Hunters and Hounds
Dogs have been helping people hunt for thousands of years. Ancient cave drawings show men and dogs hunting side by side as far back as 8,000 BC. Over the millennia, dogs have been bred to hunt using specific methods that suit different types of hunters. Because so many hunting breeds are intelligent, sociable, and loyal, they also make great pets for owners willing to give them lots of exercise.
Hunting Hounds Breeds
While the early history of hunting dogs is not well-documented, it seems that hounds were probably one of the first types of hunting dogs. These pups were bred to develop an excellent sense of smell to track prey.
There are many hound breeds. Some breeds, like the Basset Hound, are laid-back and don’t crave as much physical exertion. Others, like the Beagle and the Redbone Coonhound Mix, were bred to track game for many miles. These energetic breeds want lots of daily exercise.
All hounds tend to engage in loud baying or howling that neighbors can easily hear. It’s best to place hounds with owners that can allow them to indulge their natural instincts without annoying the neighbors.
While almost all canines have excellent smell, hounds have an even more refined sense of smell. That means that they need to sniff and that they will find many scents irresistible. They’re more likely than some breeds to sniff out snacks, run off with smelly socks (and underwear), and wander off in search of an interesting smell.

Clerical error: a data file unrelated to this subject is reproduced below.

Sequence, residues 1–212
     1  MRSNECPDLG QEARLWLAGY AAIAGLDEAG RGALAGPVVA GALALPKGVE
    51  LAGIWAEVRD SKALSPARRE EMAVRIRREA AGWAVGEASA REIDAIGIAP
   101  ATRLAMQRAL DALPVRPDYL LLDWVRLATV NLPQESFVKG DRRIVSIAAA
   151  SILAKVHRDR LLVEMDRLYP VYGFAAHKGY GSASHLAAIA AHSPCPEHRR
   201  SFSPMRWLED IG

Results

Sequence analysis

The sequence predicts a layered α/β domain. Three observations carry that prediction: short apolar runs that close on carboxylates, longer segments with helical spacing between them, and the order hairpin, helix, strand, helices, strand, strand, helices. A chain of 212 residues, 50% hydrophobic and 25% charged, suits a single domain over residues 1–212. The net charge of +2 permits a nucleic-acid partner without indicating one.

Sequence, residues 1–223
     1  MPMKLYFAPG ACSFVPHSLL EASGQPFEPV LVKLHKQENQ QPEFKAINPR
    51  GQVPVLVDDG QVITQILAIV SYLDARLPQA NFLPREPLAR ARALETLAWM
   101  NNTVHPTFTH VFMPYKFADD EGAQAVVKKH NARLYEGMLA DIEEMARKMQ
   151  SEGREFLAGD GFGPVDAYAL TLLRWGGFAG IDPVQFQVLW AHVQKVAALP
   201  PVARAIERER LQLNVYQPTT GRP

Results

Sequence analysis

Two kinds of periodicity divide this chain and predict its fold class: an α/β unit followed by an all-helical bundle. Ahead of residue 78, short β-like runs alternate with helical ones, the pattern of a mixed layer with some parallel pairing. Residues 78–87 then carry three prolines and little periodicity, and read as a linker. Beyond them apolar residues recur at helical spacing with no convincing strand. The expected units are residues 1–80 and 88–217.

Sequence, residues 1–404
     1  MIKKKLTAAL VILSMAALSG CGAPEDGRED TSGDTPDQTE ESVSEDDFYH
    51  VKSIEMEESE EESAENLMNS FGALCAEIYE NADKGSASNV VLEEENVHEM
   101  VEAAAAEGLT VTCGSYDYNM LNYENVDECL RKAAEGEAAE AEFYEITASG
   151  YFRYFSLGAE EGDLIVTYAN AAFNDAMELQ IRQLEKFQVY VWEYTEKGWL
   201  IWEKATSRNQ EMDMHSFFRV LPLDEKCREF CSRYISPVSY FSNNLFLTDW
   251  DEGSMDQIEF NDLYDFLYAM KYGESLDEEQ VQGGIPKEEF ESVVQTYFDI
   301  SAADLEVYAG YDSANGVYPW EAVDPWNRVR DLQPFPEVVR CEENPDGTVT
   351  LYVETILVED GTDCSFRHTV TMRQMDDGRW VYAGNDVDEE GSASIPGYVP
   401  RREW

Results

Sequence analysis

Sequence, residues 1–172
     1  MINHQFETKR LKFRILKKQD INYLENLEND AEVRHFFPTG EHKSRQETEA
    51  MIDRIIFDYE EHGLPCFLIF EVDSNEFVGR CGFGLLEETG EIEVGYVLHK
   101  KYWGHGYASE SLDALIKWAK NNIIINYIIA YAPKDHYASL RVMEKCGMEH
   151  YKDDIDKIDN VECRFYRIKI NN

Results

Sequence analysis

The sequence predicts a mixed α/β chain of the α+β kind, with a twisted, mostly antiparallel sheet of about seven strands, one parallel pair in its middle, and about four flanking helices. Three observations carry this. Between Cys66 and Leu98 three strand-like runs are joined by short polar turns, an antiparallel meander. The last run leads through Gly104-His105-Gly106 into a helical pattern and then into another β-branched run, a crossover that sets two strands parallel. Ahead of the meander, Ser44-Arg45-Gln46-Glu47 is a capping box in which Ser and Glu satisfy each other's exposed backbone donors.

Hunting Pointer and Setter Breeds
Pointers and setters were bred to stand still, or “freeze” when detecting game. Pointers use their nose and paw to point, while setters crouch, or “set” when game is detected. While famous for finding game, these breeds can also be trained to flush out their quarry and retrieve dead prey. Pointers and setters tend to be good-natured, friendly dogs that do well with children. Like most hunting breeds, they need lots of outdoor exercise to remain content.
Most notably, Weimaraners have a reputation for being headstrong. They’re highly intelligent and need a strong leader to keep them calm and centered. With focused training and consistent discipline, they can be a good hunter and a wonderful family pet.
All pointer and setter breeds like to nip, chew, and play-bite (a soft, painless bite that doesn’t break skin.) These breeds need a regular supply of chew toys. You may need to teach them which items are okay to chew, and which are off limits.
Finally, all pointers and setters need lots of exercise and outdoor time, in all types of weather. If you plan to use your dog for hunting, you need to give them plenty of time to acclimate to outdoor temperatures.
Hunting Flushing Breeds